Phones seen fueling growth potential for US Internet gambling
Internet gambling has tremendous growth potential in the United States as ever-greater percentages of the public use smartphones, participants in a major gambling conference said Wednesday.
May 25, 2016 - 3:20 pm
ATLANTIC CITY — Internet gambling has tremendous growth potential in the United States as ever-greater percentages of the public use smartphones, participants in a major gambling conference said Wednesday.
At the East Coast Gaming Congress and iGaming Institute in Atlantic City, casino and online gambling executives said the online gambling market has shown encouraging growth, but is a fraction of what it could become.
They also said nearly three years of experience has shown that Internet gambling is not cannibalizing their existing brick-and-mortar casinos, but rather bringing in new customers, many of whom then visit the physical casinos as well.
“We’re seeing huge growth in mobile phone and tablet play,” said Luisa Woods, executive director of Internet marketing for Atlantic City’s Tropicana casino. “And we’re seeing huge cross-flows between players who visit the casino and then go home and continue to play online.”
Internet gambling brought in $160.7 million in 2015 in the three U.S. states that allow it. New Jersey is by far the largest market, at $148 million. Delaware brought in $1.8 million last year, and Nevada, which stopped reporting its Internet winnings publicly, is estimated at about $10 million in their poker-only market, said Eugene Johnson, senior vice president of Spectrum Gaming Group, an Atlantic City-area consulting firm.
The industry still needs to do a better job of marketing itself, many participants agreed. Itai Pazner, senior vice president of 888 Holdings, said when customs questioned him at Newark Liberty International Airport on his way to the conference, he told them he works for an Internet gambling company.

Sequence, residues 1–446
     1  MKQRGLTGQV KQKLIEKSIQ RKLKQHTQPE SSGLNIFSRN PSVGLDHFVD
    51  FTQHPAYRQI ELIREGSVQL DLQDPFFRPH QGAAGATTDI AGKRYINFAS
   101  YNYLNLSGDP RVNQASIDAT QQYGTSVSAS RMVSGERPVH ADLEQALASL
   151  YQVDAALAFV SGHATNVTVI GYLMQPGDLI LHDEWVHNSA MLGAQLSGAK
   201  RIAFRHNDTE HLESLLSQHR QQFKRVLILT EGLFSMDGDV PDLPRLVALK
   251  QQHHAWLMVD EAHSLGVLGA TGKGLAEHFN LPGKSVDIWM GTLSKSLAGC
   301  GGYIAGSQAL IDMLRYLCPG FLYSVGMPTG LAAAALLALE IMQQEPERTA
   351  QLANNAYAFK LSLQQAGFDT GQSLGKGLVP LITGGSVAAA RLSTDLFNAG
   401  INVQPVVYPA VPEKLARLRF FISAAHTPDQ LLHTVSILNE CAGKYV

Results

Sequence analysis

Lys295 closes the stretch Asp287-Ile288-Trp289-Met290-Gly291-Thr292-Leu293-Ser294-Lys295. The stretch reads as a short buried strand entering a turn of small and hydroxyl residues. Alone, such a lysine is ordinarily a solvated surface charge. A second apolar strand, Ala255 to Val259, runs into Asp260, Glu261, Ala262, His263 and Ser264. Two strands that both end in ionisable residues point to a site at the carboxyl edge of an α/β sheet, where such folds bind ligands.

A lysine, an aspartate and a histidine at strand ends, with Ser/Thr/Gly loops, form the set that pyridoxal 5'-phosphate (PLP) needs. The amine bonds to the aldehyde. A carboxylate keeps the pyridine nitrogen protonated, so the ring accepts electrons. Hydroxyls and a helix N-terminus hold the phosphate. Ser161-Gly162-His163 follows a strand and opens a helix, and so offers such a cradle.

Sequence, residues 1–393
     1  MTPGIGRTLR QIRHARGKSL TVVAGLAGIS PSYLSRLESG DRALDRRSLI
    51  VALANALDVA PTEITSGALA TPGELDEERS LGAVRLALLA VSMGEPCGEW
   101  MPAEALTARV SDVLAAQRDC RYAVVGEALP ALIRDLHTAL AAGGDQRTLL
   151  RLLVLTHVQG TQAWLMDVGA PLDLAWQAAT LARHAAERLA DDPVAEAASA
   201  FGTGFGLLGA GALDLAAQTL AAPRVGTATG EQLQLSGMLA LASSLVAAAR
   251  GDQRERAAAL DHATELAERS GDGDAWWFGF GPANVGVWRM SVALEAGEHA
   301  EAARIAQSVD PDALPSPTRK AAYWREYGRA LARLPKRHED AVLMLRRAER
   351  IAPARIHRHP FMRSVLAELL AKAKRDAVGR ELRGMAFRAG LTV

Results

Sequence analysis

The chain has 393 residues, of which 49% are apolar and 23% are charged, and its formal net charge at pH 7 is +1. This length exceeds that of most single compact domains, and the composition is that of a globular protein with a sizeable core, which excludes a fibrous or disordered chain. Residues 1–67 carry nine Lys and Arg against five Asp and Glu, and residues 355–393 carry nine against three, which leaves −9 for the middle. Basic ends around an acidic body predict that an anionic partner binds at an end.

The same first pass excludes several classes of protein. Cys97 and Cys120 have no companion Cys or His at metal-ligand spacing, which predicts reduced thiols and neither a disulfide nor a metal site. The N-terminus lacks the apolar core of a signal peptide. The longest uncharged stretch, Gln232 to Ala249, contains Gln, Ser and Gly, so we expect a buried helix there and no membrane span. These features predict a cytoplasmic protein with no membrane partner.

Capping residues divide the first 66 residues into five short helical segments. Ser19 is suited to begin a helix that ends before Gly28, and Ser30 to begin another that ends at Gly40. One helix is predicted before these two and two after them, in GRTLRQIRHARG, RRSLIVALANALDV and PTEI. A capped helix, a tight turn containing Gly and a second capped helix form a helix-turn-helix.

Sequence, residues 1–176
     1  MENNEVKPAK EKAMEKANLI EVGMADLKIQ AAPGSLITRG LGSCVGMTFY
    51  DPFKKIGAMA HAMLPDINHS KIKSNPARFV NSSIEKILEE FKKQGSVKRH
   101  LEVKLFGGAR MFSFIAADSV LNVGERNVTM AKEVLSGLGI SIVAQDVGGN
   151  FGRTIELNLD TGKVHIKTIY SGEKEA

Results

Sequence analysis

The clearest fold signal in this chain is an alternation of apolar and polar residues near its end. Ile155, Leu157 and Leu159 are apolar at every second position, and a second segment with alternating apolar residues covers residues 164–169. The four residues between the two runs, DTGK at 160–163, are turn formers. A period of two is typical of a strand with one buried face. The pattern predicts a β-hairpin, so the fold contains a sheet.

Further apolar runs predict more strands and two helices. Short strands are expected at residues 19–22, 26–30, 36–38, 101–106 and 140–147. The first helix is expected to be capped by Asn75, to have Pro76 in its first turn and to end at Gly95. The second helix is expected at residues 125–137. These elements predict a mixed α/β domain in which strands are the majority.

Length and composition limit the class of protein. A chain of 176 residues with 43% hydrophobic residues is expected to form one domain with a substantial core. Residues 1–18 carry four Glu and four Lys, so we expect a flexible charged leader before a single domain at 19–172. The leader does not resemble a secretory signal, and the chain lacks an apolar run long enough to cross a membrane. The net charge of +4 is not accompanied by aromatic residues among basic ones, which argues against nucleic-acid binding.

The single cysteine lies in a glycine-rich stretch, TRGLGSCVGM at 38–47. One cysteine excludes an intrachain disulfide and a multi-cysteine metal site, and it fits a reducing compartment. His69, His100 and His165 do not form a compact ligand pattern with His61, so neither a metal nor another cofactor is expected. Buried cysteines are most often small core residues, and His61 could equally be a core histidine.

“Is that legal in New Jersey?” the agent asked Pazner.
“A lot of people are confused,” he told the conference at Harrah’s Waterfront Conference Center. “They don’t know if it’s legal, if it’s illegal, if it’s good, if it’s bad. We need to educate people.”
Another major challenge is getting additional states to approve Internet gambling. Because only three states now offer it, the prize pools for online poker are small, and that is holding the industry back, participants agreed.
“Poker without enough liquidity isn’t viable,” Pazner said. “The markets are still relatively small. The U.S. needs more states (to legalize Internet gambling) and we need them urgently.”
He said Europe has more readily embraced Internet gambling, adding, “There is huge potential growth on both sides of the ocean.”
George Rover, deputy director of New Jersey’s Division of Gambling Enforcement, said unlicensed offshore sites still pose a major problem for legal Internet gambling sites by siphoning away customers and revenue to unregulated sites with no customer protections.
He said the state has been formulating plans to deal with such sites, promising a development on the issue soon.
Thomas Winter, vice president of Internet gambling for the Golden Nugget casino in Atlantic City, said his casino has seen good growth across its Internet platforms. But he said some customers still need to be assured of the integrity of Internet gambling.